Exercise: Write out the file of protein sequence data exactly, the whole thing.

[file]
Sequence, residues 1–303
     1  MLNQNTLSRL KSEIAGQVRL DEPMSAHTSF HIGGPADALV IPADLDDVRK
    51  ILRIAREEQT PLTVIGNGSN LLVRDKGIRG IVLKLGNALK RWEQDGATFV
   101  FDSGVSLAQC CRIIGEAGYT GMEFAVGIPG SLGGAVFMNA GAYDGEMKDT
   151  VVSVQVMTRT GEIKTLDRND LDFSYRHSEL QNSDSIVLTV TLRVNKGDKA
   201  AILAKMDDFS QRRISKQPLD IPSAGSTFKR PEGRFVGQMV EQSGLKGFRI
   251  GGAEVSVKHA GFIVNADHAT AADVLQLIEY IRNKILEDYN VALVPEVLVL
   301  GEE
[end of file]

Sequence, residues 1–303
     1  MLNQNTLSRL KSEIAGQVRL DEPMSAHTSF HIGGPADALV IPADLDDVRK
    51  ILRIAREEQT PLTVIGNGSN LLVRDKGIRG IVLKLGNALK RWEQDGATFV
   101  FDSGVSLAQC CRIIGEAGYT GMEFAVGIPG SLGGAVFMNA GAYDGEMKDT
   151  VVSVQVMTRT GEIKTLDRND LDFSYRHSEL QNSDSIVLTV TLRVNKGDKA
   201  AILAKMDDFS QRRISKQPLD IPSAGSTFKR PEGRFVGQMV EQSGLKGFRI
   251  GGAEVSVKHA GFIVNADHAT AADVLQLIEY IRNKILEDYN VALVPEVLVL
   301  GEE